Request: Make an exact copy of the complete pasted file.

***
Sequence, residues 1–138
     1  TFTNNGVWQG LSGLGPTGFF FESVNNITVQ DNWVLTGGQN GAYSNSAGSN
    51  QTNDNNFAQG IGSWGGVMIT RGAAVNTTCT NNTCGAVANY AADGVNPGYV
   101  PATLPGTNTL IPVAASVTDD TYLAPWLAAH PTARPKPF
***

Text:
Sequence, residues 1–138
     1  TFTNNGVWQG LSGLGPTGFF FESVNNITVQ DNWVLTGGQN GAYSNSAGSN
    51  QTNDNNFAQG IGSWGGVMIT RGAAVNTTCT NNTCGAVANY AADGVNPGYV
   101  PATLPGTNTL IPVAASVTDD TYLAPWLAAH PTARPKPF